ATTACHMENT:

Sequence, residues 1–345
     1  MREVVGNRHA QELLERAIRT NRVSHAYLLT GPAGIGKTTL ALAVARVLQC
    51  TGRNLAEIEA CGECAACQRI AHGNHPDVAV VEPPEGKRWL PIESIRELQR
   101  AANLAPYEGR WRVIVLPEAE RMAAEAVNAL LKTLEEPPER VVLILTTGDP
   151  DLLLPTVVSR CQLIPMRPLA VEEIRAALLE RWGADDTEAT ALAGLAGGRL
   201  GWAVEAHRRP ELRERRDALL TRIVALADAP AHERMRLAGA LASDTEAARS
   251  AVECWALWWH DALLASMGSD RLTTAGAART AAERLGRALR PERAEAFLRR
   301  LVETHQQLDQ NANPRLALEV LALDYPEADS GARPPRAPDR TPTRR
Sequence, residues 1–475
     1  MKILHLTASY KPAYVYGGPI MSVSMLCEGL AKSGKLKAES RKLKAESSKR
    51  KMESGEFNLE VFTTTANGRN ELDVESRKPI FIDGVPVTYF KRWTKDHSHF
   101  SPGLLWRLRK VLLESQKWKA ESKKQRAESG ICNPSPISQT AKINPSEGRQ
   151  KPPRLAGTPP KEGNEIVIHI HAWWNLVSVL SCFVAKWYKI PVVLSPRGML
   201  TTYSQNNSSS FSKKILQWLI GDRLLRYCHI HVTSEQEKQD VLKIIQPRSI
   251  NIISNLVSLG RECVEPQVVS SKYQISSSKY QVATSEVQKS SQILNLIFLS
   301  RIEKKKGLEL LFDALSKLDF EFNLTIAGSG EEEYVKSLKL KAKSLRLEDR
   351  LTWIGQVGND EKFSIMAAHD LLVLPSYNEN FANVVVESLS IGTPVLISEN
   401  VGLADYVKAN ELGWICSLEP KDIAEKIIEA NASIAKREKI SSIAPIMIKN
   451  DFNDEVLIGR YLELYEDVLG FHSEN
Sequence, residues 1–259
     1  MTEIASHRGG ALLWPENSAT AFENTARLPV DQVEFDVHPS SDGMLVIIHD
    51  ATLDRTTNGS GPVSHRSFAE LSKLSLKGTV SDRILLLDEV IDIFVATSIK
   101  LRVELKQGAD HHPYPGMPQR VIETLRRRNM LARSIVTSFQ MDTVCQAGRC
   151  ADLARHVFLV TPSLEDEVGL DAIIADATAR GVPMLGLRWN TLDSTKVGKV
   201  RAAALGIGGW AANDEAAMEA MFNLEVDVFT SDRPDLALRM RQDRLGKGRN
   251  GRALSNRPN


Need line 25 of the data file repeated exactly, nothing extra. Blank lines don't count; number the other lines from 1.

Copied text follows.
   201  RAAALGIGGW AANDEAAMEA MFNLEVDVFT SDRPDLALRM RQDRLGKGRN